$400k for scientist to revolutionise waste-to-energy
A SPRINGFIELD researcher will be helping to revolutionise the renewables industry after receiving a $400,000 grant.
Dr Min Hong from the University of Southern Queensland was awarded $400,116 in the latest funding release to developing materials that could revolutionise the renewables industry.
He will share in more than $1.2 million granted from the Australian research Council for cutting edge work in renewables, supersonics and astrophysics.
His research focuses on high-performance thermoelectric materials as a means to generate electricity from waste heat.
"A new generation of these materials could diversify the development of eco-friendly energy conversion technologies to replace the non-renewable carbon-based fossil fuels," Dr Hong said.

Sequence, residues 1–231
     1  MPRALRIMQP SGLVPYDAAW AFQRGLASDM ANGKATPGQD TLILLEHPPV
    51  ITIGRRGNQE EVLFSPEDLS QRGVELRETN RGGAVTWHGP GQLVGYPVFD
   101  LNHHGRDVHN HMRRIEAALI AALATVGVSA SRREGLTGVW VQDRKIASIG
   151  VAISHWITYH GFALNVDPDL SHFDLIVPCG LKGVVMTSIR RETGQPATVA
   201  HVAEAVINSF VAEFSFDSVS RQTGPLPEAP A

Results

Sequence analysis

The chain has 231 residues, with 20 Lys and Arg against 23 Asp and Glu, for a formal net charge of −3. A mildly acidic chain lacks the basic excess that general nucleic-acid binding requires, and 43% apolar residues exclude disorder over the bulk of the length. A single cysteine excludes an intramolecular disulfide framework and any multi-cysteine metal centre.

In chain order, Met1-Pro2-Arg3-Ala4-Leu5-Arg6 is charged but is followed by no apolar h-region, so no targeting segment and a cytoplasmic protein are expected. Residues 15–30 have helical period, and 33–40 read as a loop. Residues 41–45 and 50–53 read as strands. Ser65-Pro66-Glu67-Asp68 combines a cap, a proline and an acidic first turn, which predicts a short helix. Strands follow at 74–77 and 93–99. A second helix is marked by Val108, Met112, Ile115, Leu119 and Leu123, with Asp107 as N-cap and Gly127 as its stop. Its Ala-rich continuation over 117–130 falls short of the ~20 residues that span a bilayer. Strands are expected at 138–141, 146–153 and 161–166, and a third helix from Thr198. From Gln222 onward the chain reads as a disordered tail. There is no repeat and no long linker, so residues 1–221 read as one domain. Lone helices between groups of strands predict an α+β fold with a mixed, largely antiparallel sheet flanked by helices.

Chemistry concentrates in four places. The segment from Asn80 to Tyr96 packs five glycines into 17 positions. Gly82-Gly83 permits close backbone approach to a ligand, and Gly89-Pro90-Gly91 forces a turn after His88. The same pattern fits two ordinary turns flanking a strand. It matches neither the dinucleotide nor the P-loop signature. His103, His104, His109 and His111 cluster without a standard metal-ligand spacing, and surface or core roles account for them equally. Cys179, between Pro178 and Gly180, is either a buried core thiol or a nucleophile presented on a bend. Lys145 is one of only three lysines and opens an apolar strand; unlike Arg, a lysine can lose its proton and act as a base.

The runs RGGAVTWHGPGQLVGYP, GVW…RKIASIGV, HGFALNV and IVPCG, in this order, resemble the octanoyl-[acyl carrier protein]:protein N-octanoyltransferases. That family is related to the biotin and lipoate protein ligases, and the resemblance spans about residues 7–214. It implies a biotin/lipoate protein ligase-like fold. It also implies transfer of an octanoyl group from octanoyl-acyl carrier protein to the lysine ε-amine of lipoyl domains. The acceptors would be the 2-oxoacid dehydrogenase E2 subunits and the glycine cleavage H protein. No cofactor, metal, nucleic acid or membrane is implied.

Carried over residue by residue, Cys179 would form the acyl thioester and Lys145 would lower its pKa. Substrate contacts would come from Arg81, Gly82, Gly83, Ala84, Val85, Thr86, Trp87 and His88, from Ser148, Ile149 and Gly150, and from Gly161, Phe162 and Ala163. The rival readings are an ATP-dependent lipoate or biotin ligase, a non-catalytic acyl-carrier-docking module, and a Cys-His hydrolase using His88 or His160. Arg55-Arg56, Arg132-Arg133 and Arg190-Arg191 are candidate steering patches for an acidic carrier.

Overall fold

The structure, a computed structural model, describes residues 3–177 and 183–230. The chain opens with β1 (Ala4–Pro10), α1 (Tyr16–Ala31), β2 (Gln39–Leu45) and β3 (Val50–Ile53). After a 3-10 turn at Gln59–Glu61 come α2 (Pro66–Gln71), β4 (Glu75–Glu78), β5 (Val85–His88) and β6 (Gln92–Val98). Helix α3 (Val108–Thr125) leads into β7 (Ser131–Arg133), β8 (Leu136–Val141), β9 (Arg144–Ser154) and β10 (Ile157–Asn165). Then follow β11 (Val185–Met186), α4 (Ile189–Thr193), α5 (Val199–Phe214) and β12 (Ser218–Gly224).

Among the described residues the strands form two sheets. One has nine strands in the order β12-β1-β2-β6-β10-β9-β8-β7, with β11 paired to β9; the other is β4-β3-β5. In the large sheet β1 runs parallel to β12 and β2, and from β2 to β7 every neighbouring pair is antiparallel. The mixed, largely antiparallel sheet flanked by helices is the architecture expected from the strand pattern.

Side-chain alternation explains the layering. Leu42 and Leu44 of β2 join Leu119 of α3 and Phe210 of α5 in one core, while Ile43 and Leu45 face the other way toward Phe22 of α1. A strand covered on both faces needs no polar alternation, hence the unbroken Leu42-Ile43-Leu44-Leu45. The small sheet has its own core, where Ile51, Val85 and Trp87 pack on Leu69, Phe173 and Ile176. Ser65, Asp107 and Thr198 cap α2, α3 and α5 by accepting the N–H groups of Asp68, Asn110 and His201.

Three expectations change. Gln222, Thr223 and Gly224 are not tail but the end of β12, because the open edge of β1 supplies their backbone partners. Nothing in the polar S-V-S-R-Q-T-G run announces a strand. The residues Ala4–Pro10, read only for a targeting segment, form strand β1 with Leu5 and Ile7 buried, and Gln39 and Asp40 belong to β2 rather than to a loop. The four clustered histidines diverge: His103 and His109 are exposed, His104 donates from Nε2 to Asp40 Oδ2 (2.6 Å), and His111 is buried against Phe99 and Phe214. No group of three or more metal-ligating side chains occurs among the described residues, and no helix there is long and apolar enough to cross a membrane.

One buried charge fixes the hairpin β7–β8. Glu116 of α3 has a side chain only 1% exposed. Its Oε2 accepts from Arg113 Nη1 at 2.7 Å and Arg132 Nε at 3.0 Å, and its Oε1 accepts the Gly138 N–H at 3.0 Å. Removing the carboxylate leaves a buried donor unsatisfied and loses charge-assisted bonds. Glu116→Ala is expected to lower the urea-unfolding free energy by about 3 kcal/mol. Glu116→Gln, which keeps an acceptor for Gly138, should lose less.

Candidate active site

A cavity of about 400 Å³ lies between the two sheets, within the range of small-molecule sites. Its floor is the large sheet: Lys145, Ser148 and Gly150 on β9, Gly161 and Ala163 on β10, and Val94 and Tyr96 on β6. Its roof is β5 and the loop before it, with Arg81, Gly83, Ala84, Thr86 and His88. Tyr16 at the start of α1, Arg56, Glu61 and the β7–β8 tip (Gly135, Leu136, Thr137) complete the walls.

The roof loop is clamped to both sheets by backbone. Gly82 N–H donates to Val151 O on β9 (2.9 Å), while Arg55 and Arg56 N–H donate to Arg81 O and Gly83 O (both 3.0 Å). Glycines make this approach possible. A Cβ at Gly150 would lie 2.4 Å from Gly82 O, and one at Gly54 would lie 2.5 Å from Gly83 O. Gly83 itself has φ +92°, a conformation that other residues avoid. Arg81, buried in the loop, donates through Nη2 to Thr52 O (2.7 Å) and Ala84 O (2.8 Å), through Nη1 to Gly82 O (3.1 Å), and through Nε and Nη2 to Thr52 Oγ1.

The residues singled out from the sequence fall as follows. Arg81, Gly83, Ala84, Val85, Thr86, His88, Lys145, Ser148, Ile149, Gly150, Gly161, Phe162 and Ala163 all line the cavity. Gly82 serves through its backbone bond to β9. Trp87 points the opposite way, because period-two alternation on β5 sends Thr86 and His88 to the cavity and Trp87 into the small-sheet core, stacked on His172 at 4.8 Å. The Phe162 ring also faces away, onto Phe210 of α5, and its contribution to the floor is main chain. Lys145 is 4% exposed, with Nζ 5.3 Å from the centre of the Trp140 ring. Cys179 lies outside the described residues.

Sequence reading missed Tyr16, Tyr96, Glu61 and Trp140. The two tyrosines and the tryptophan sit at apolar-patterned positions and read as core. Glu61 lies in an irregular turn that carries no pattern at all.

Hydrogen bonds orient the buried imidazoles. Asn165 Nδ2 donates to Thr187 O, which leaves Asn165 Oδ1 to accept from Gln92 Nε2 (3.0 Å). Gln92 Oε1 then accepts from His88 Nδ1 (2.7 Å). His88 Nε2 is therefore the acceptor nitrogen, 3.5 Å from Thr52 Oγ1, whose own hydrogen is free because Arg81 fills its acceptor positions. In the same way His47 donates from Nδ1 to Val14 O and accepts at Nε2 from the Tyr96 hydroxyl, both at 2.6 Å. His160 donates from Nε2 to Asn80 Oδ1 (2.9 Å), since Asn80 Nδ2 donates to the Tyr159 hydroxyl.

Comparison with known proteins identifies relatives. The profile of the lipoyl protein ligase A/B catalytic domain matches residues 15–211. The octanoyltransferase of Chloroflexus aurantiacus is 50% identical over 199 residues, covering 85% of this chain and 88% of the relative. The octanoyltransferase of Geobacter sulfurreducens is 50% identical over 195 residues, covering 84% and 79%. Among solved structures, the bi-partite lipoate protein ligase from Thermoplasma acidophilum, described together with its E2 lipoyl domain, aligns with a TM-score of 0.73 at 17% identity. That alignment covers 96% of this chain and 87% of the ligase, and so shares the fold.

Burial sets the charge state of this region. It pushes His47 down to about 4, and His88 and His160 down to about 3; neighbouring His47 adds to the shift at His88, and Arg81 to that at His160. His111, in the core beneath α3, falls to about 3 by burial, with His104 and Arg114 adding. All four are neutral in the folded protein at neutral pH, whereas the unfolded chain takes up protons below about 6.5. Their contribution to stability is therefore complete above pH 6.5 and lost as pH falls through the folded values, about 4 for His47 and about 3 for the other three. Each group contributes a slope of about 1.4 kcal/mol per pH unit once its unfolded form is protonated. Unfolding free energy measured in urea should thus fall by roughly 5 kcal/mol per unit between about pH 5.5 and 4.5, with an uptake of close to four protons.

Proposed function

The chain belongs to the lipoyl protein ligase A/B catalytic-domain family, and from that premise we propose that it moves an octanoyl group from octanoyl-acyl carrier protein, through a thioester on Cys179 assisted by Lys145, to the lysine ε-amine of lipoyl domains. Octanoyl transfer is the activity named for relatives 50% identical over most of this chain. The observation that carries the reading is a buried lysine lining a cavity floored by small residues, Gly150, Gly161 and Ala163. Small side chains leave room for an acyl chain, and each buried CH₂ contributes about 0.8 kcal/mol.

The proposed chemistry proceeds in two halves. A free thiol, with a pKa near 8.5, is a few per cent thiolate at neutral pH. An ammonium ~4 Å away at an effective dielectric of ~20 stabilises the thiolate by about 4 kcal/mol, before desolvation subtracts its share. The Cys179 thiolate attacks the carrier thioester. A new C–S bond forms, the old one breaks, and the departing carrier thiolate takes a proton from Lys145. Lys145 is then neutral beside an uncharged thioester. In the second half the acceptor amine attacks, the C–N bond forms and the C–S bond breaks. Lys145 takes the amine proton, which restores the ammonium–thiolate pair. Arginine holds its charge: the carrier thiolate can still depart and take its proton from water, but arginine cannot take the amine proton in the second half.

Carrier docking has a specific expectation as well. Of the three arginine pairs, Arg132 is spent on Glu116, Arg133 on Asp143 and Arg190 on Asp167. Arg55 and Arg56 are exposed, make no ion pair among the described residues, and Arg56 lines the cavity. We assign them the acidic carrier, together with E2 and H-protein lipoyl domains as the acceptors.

He is already working with national and international experts at Northwestern University, USA, Oak Ridge National Laboratory, USA, Kyushu University, Japan, and University of Queensland.
Fellow researcher Dr Fabian Zander received $392,310 for his work which will take supersonics in a new direction, developing an air-breathing propulsion concept for engines that greatly exceed the speed of sound.
"An air-breathing rotating detonation engine is a theoretical next step for high-speed flight but questions remain about how to use an air-breathing inlet to achieve improved engine efficiency," he said.
"This work expands on Australia's position as a world leader in air-breathing hypersonics, and complements the current expansion of the national aerospace industry."